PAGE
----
Sci. Signal., 9 February 2010
Metabolism Do Pathogen Sensors Make You Fat?
Science Signaling, AAAS, Washington, DC 20005, USA
Inflammation and cellular stress responses occur in metabolic diseases, such as obesity and type 2 diabetes. Nakamura et al. looked for molecules involved in pathogen sensing that also regulated metabolism. They found that the double-stranded RNA-dependent protein kinase (PKR) was activated in mice by metabolic stress, whether it was caused by genetically induced obesity or a high-fat diet. Treatment with palmitic acid (a free fatty acid that can trigger insulin resistance in vivo) activated PKR in mouse embryonic fibroblasts (MEFs). PKR can activate c-Jun N-terminal kinase (JNK), which in turn phosphorylates insulin receptor substrate 1 (IRS1) at Ser307, a phosphorylation event that inhibits insulin signaling. In wild-type MEFs exposed to palmitic acid or thapsigargin [an agent that causes endoplasmic reticulum (ER) stress], JNK activity and phosphorylation of Ser307 in IRS1 were higher than in MEFs deficient in PKR kinase activity (Pkr–/–), and activation of PKR by palmitic acid or thapsigargin required its ability to bind to RNA. Pkr–/– mice gained less weight on a high-fat diet than did wild-type mice; furthermore, serum leptin and blood glucose concentrations, liver triglyceride content, and mRNA abundance in white adipose tissue for various inflammatory cytokines were lower in Pkr–/– mice compared with wild-type mice. Pkr–/– mice also showed greater insulin sensitivity and higher glucose disposal rates in response to lipid infusion than wild-type mice. Thus, PKR integrates responses to pathogens, nutrients, and ER stress, and manipulation of its activity in vivo may represent a possible therapeutic approach to treating metabolic diseases.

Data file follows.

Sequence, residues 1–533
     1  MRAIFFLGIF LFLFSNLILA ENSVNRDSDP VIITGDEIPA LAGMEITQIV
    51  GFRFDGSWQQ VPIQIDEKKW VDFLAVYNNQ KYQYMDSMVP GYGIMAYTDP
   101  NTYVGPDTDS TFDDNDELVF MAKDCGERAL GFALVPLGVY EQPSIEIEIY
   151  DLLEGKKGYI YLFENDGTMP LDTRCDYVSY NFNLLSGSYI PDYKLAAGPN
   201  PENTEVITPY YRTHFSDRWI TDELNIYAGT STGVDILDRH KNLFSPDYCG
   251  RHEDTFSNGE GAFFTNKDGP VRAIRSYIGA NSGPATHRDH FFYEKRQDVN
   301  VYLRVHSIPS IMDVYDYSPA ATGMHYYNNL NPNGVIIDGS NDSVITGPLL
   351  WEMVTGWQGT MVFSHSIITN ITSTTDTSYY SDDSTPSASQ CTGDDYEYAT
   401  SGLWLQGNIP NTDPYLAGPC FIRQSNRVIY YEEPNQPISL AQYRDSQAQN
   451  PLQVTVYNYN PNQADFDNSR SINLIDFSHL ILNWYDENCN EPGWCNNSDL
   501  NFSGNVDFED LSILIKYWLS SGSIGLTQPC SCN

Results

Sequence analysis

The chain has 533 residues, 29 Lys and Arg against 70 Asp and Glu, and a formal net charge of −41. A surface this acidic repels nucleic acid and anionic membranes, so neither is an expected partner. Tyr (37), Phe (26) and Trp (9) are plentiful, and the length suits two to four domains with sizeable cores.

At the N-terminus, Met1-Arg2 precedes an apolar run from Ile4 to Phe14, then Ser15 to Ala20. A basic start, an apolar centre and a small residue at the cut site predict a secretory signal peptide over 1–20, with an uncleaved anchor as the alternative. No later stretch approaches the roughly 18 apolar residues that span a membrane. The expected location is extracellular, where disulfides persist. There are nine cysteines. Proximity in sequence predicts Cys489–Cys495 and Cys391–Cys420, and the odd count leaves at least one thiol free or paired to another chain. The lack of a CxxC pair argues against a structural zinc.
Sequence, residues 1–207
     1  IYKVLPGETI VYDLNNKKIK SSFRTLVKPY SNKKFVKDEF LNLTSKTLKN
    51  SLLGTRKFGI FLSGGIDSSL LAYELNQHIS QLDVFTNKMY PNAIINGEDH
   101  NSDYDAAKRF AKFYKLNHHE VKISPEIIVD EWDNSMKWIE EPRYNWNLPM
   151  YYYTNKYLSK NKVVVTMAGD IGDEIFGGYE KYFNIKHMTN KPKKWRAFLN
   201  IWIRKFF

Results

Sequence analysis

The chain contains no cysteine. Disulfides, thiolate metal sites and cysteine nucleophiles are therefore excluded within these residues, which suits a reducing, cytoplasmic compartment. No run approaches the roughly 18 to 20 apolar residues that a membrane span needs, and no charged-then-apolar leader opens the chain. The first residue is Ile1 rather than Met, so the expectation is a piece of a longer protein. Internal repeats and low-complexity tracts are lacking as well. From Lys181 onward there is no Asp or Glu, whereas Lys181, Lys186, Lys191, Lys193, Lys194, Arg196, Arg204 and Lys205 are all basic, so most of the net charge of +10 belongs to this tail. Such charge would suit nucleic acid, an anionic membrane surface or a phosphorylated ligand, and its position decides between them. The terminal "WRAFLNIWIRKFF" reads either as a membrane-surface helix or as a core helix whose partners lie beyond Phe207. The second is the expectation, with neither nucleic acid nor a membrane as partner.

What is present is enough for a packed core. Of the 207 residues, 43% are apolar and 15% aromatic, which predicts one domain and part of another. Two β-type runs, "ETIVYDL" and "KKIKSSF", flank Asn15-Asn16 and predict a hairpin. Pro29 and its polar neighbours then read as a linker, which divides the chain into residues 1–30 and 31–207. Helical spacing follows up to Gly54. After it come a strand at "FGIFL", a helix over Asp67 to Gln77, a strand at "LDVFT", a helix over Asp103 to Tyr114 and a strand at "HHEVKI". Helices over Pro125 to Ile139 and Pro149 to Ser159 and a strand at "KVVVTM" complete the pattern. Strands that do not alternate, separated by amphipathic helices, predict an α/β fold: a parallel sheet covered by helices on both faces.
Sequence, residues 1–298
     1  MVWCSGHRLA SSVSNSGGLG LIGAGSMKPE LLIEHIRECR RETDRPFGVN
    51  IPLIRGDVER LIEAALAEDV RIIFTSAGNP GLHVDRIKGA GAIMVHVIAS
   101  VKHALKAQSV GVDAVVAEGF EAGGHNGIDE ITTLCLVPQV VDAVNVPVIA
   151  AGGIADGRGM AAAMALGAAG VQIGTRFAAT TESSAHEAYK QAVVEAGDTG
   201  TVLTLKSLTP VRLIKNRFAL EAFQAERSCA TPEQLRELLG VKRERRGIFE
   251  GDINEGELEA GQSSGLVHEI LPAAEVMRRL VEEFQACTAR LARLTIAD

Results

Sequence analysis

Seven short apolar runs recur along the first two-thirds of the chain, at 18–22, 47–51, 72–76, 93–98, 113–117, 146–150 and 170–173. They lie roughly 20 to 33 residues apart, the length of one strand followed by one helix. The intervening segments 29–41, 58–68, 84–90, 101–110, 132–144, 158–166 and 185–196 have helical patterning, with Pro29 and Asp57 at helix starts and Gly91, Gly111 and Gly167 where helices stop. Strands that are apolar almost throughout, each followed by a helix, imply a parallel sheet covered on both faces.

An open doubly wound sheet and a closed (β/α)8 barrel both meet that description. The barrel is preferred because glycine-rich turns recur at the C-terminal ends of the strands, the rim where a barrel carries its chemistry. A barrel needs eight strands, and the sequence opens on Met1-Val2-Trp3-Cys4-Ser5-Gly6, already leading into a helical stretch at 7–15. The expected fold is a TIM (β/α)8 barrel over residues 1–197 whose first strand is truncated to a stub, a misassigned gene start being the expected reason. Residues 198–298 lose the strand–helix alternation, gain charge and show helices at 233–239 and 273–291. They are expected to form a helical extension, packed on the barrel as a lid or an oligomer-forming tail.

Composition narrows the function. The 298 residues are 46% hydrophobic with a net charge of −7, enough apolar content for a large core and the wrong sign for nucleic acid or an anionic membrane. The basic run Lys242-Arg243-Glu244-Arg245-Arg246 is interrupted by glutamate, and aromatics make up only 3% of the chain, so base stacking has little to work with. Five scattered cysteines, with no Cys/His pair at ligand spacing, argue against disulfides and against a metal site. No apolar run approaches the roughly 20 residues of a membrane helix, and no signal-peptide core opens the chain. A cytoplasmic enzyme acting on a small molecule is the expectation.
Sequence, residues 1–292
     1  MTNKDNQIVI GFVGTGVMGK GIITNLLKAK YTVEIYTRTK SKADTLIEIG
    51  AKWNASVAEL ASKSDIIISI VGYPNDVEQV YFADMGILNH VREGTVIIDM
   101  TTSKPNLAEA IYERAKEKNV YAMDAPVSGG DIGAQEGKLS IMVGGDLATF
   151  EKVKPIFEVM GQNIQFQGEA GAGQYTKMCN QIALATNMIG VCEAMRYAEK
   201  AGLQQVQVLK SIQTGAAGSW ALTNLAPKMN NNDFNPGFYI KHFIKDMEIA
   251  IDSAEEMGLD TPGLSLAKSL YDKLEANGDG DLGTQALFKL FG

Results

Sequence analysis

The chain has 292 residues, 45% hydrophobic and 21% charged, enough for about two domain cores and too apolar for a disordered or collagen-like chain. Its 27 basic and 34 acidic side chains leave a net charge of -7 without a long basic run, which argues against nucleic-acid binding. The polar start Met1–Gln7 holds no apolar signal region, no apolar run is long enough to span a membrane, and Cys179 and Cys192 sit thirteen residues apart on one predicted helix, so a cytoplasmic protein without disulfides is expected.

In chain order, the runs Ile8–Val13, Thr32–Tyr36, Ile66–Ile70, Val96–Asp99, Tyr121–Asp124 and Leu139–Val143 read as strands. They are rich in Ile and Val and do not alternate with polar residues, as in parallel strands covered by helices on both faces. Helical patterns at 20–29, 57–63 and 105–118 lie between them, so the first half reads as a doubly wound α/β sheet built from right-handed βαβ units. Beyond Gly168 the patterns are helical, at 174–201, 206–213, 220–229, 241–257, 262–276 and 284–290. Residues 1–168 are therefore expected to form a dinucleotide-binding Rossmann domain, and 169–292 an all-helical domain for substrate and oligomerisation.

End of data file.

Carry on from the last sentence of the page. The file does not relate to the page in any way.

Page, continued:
T. Nakamura, M. Furuhashi, P. Li, H. Cao, G. Tuncman, N. Sonenberg, C. Z. Gorgun, G. S. Hotamisligil, Double-stranded RNA-dependent protein kinase links pathogen sensing with stress and metabolic homeostasis. Cell 140, 338–348 (2010). [Online Journal]
Citation: W. Wong, Do Pathogen Sensors Make You Fat? Sci. Signal. 3, ec47 (2010).
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